“I remember the first time that ever happened was with Shawn Phillips. Shawn Phillips was a pretty big act at the time, and he would sell out the club. He had minions, raging fans who just, like, totally wanted to be in his presence. And the girl he wound up bringing over here one night … I think she was a waitress at the time – she later on became one of my office managers – she wound up being the one. After hours, she was hanging around, Shawn was hanging, cleaning up, putting stuff away, getting ready to go home. And he latched on to her, so she came over here. And I’ll never forget, I mean she was a real sweet, sort of innocent, naïve type – at least I thought she was [laughs] ­– and she acted so embarrassed around me after that. She always acted like there was some issue. She acted like I was her dad or something, you know?”

Afternoon delight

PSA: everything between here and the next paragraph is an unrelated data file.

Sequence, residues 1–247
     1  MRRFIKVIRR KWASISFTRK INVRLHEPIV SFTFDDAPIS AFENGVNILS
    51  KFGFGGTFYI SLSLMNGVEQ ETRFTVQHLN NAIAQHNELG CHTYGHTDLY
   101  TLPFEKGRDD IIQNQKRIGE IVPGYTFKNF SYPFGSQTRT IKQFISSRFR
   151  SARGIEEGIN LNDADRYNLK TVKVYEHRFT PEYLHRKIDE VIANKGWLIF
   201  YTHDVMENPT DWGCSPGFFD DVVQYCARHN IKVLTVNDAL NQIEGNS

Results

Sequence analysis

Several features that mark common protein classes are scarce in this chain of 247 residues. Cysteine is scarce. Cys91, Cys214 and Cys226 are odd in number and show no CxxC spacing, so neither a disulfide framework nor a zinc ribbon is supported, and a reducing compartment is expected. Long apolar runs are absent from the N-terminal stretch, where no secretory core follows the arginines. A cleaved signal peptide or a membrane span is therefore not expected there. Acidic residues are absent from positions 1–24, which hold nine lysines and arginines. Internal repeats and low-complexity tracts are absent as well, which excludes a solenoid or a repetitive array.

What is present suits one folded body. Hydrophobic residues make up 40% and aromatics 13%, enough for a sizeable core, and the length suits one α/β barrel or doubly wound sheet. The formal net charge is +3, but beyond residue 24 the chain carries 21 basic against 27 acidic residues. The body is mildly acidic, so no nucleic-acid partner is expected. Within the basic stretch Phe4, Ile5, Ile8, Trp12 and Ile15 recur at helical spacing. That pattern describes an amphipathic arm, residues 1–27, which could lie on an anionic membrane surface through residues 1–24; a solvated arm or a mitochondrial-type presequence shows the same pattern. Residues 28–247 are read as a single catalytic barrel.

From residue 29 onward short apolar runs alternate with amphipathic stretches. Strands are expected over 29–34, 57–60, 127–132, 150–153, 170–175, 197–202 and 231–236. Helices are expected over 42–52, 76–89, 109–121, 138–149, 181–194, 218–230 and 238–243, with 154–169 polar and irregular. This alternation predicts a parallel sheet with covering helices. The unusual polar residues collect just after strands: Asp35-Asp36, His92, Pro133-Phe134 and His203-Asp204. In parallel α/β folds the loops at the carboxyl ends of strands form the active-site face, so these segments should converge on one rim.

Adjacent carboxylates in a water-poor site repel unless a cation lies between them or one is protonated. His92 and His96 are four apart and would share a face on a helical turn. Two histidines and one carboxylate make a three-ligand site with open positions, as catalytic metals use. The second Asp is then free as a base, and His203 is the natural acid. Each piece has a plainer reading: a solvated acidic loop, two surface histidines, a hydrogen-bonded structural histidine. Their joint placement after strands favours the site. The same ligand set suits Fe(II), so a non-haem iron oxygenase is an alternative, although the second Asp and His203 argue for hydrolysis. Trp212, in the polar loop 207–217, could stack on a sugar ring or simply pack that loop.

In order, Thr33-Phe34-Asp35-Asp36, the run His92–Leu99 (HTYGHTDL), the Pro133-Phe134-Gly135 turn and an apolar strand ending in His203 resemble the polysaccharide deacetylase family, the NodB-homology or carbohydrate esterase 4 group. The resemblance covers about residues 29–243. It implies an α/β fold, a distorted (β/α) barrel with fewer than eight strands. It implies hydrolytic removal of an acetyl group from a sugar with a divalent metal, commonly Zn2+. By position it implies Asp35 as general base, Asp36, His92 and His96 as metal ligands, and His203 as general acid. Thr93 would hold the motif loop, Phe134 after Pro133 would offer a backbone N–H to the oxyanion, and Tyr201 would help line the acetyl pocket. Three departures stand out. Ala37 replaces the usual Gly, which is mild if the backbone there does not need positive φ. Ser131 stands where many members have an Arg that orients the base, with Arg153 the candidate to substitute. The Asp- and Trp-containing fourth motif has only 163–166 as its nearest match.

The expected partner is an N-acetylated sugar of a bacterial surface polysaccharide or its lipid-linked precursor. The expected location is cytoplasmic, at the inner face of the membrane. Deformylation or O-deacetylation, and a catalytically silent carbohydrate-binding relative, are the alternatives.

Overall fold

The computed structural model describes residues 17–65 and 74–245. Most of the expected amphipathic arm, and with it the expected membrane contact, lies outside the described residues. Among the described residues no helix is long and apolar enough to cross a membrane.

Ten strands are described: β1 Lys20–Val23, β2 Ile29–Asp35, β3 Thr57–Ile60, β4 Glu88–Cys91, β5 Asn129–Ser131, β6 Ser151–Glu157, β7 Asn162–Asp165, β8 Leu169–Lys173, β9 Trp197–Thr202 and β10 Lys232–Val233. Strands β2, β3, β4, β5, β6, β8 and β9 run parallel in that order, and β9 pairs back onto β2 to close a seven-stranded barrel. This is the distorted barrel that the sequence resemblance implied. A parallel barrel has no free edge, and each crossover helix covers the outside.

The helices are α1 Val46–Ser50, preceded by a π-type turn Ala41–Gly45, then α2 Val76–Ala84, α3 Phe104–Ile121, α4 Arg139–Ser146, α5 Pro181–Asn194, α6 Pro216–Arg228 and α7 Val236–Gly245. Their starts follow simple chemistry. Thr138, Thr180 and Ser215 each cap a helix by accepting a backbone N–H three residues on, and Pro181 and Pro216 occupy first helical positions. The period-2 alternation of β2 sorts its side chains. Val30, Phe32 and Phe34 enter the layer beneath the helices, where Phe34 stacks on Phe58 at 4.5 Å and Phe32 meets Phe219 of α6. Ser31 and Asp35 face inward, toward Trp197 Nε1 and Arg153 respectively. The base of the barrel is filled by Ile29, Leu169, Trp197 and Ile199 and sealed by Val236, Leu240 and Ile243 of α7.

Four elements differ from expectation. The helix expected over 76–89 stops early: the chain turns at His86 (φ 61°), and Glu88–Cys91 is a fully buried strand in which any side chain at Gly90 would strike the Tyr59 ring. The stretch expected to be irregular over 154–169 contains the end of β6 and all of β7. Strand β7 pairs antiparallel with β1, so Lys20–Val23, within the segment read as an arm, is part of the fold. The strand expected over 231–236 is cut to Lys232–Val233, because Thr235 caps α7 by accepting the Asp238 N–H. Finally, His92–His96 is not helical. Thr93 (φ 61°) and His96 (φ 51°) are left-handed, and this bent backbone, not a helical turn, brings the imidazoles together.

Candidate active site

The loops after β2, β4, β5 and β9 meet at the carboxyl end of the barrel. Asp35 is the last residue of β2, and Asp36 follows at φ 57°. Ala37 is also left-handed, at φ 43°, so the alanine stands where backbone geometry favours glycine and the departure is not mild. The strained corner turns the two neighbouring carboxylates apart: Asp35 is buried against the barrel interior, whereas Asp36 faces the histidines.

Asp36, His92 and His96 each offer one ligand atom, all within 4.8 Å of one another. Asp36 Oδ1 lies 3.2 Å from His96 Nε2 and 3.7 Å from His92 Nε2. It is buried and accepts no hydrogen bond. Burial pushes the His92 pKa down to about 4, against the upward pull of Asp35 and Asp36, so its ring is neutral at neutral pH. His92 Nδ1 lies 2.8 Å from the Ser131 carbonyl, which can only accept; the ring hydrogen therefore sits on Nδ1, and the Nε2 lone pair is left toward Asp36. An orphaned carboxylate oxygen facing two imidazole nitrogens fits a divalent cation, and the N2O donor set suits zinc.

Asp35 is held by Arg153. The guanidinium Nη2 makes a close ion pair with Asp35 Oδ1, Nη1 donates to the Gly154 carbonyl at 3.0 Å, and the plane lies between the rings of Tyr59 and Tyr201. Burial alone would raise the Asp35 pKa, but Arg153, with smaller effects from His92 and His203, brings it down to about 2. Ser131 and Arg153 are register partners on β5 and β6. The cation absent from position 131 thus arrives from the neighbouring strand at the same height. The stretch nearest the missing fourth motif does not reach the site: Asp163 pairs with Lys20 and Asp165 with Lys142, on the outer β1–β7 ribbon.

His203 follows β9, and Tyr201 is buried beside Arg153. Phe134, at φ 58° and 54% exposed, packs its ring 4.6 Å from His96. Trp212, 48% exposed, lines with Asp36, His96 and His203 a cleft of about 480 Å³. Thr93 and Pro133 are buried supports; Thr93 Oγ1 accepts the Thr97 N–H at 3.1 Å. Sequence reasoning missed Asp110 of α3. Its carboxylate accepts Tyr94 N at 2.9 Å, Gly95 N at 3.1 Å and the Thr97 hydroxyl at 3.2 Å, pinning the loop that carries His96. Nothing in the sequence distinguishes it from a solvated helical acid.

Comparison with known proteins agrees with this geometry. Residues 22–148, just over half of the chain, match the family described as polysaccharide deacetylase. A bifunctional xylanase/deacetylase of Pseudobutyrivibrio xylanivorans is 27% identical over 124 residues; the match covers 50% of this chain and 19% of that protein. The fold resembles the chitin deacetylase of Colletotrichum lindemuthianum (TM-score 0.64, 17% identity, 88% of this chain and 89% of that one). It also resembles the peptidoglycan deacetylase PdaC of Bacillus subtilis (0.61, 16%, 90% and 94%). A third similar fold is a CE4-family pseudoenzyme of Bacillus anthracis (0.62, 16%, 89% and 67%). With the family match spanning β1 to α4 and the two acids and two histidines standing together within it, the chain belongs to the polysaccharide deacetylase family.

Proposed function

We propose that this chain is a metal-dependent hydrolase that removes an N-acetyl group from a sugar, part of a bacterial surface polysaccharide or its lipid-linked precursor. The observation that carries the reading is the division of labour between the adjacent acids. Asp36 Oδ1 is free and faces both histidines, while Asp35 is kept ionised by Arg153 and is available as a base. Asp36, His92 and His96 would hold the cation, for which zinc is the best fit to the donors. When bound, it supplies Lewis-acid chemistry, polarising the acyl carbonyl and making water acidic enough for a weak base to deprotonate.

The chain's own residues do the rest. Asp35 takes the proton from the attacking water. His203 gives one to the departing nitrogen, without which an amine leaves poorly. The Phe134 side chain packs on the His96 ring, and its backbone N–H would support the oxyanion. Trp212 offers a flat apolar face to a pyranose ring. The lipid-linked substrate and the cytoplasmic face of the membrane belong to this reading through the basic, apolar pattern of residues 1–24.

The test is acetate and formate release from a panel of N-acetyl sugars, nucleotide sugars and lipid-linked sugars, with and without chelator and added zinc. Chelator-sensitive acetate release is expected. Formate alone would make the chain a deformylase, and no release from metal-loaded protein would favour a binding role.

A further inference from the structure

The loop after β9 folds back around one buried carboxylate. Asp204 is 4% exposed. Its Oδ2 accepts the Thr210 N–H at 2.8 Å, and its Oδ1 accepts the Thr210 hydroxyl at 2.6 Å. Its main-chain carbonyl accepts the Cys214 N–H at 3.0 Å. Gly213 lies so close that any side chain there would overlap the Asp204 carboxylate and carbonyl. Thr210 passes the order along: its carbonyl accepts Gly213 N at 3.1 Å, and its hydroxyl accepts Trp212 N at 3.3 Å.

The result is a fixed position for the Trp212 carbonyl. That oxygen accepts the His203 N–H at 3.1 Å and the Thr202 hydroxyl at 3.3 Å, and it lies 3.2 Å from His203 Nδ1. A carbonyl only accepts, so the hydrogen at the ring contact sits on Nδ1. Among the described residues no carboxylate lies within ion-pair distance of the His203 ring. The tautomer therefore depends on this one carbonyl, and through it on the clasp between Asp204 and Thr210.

“I had just hired a guy to be my day bartender, which was a major position of trust. … I came in there one afternoon, probably about two in the afternoon, so we had been open for an hour or something, maybe even two by then, and I walked in the front door and walked around in front of the office and looked in. Nobody’s in there. I mean absolutely empty and no bartender. I opened the office door, which was closed but not locked. Nobody’s in there. I’m wondering, ‘What in the heck’s going on, man? What if somebody walked in here? If one of the guys from across the street came in here and saw this, he’d walk behind the bar and get him a bottle of Jack Daniels and split.’ So, I walk over to the end of the bar. I hear some commotion back in the green room. I go back and open the door of the green room, and this new guy is ballin’ my office manager. [laughs] And there was this seat that was built in back there, and they were just going at it, man. And I go, ‘Uh, ahem. ’Scuse me. We’re open, right?’”